So things are cleaner, more spacious and less embarrassing around here. We’ve been so busy that I’ve got a backlog of posts coming your way… as long as we remember to actually publish them…

Open House

I’ll be honest. I’m not exactly sure where the last week of our lives went. I say that a lot, but seriously this has been a whirlwind. If you come here frequently, share any of our friends on Facebook, or happened to be watching HGTV last week (Tuesday at 9 pm), you already know that they aired our episode of House Hunters. Unable to face this type of surreal experience alone, we invited friends, family, clients, fellow photographers, basically everyone, to come party with us, tour the firehouse and (totally optional) take a ride down the newly secured fire pole.

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(The view looking down. 4 people actually tried. I was not one of them. Some day…)

Many people accepted the invitation. So many that I happily gave so many tours that I lost track of time (and nervousness) until Aaron grabbed me and said “It’s starting in FOUR minutes!” So many that I’m still a little verklept about it. Thank you all.

So what did we think?

We were actually pleasantly surprised with how we were portrayed. They captured our personality. We didn’t seem cheesy. There were some funny moments (See: My face when walking into the kitchen at the firehouse. See also: Our realtor calling a rain shower (and Aaron’s wish for it) quintessentially suburban. See also: Aaron standing in the shower and remarking that we could hold hands while I went to the bathroom.)

If you were playing the drinking game, the current official score is 42. EEK! I hope you missed a few or quit playing part way through.

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After our 22 minutes of fame, we took a few days off. We figured we deserved it after working our tails off getting this place ready. I’ll be back with some of those pictures. And we still need to fill you in on some of the studio updates. AND eventually we’ll take pictures of the front of the firehouse. More to come!

 

 

See us on House Hunters tonight and a drinking game (because why not?)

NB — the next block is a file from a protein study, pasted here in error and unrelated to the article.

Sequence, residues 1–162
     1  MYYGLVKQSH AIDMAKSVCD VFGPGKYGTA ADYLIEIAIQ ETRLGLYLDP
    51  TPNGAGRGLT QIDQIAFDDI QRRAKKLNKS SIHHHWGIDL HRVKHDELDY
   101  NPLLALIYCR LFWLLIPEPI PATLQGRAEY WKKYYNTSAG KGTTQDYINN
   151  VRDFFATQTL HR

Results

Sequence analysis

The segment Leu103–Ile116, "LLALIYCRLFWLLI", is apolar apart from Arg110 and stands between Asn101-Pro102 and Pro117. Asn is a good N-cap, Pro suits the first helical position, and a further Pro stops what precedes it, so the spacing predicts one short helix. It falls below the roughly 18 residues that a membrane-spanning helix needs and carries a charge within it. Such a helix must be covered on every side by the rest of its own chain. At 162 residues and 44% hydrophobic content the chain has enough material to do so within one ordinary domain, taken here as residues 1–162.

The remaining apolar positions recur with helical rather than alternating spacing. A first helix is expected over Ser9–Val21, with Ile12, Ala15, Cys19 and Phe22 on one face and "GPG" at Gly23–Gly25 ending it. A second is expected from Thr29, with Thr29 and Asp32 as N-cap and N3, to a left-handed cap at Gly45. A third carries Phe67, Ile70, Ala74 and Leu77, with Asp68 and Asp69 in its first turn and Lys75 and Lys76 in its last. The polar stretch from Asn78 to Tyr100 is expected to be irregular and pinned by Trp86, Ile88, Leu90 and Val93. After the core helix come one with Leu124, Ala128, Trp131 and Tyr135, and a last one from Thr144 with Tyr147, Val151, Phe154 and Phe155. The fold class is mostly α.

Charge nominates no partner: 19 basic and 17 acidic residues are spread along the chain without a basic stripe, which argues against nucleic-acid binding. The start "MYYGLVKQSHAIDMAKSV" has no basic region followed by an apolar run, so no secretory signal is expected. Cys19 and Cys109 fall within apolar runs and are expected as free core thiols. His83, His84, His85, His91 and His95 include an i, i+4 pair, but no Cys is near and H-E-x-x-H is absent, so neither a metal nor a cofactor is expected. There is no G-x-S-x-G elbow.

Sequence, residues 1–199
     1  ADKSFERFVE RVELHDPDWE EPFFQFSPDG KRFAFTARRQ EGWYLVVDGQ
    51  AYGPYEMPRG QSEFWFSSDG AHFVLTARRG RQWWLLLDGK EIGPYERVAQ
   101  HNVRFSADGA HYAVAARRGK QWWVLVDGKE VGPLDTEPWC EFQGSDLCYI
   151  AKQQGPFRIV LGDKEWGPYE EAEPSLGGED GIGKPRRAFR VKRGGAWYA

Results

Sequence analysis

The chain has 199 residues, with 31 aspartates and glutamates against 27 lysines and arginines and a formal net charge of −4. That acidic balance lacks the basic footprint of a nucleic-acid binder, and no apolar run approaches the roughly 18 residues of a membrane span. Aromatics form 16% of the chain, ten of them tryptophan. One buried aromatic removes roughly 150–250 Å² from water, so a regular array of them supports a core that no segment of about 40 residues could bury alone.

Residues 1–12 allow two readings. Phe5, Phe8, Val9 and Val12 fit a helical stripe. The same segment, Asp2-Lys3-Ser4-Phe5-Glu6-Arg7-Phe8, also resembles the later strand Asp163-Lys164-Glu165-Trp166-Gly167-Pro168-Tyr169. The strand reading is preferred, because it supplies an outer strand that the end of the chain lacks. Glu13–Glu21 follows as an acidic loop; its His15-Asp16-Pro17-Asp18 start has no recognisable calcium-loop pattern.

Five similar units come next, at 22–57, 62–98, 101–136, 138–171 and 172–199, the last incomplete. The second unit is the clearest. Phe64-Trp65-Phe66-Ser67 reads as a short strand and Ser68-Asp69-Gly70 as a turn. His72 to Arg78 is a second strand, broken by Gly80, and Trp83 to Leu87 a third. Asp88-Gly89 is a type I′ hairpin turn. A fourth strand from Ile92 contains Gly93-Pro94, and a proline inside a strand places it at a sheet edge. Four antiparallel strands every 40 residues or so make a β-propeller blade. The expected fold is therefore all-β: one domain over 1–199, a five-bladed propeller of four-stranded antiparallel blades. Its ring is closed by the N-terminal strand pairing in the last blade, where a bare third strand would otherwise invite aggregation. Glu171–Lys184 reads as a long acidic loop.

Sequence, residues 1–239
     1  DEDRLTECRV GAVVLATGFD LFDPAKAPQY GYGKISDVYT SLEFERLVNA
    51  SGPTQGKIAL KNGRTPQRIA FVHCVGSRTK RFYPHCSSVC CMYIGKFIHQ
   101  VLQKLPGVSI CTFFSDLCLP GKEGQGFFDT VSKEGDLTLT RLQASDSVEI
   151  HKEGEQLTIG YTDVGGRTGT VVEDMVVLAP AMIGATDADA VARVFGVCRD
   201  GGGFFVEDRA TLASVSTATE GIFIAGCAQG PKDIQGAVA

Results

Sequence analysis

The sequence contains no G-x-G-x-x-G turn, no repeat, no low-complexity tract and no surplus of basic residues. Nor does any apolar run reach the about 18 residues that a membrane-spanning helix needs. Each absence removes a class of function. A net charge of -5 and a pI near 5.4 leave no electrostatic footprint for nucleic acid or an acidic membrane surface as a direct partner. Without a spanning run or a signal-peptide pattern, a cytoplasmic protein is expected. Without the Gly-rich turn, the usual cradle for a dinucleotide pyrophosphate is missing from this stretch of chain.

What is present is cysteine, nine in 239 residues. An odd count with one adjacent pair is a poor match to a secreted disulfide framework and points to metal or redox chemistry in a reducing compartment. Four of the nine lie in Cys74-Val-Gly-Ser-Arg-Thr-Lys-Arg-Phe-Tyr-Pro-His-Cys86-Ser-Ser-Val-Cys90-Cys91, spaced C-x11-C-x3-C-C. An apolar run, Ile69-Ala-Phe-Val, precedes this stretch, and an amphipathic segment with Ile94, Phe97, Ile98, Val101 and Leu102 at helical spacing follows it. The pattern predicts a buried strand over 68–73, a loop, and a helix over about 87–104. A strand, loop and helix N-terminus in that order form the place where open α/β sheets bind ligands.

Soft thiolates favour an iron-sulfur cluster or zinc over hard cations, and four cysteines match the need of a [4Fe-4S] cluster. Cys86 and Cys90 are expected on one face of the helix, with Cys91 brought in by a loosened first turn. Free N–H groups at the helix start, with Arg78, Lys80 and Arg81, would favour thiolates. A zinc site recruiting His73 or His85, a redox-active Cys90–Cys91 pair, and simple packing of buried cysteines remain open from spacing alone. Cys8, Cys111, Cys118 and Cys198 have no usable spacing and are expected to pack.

Is your DVR ready? We make our big TV debut tonight at 9 pm CST on HGTV’s House Hunters!

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We just finished the first 4 days of shooting (Note: I really did write this hours after wrapping our shoot. It’s like a blast from the past!) and our awesome sound guy (Hi Ken!) mentioned that there is a House Hunters Drinking Game. Why have I never heard of this?! I waited until we were wrapped to look it up and because we don’t harp on any of the normal things (double sinks in the master bathroom, the necessity of granite countertops and stainless steel appliances, closet space that is only large enough for the wife), I thought I should make our own version.

Keep in mind that I have no idea what pieces of the 40+ hours will make it into the less than 30 minute show. I can’t be held accountable for any drunkness (or lack thereof) that results. Just to be safe, go ahead and designate a driver.

1 drink
We utter any of the following: natural light, industrial, brick.
I seem concerned about the number of projects at the firehouse.
Anyone (narrator included) references the vintage camper/trailer that Aaron is restoring.
Aaron points out the electrical or HVAC systems (or the lack thereof)
I open something (like a cabinet, drawer or door).
We mention repainting a particular room or space.
Mojo makes an appearance.

2 drinks
Our realtor, Ted, makes a design suggestion that goes against our style.
Aaron steps into a bathtub or shower.
Anyone references a rain shower as one of Aaron’s wish list items.
Anyone references our desire for a wine cellar.

3 drinks
Aaron notices glitter wall paint.
I call something ugly or suburban.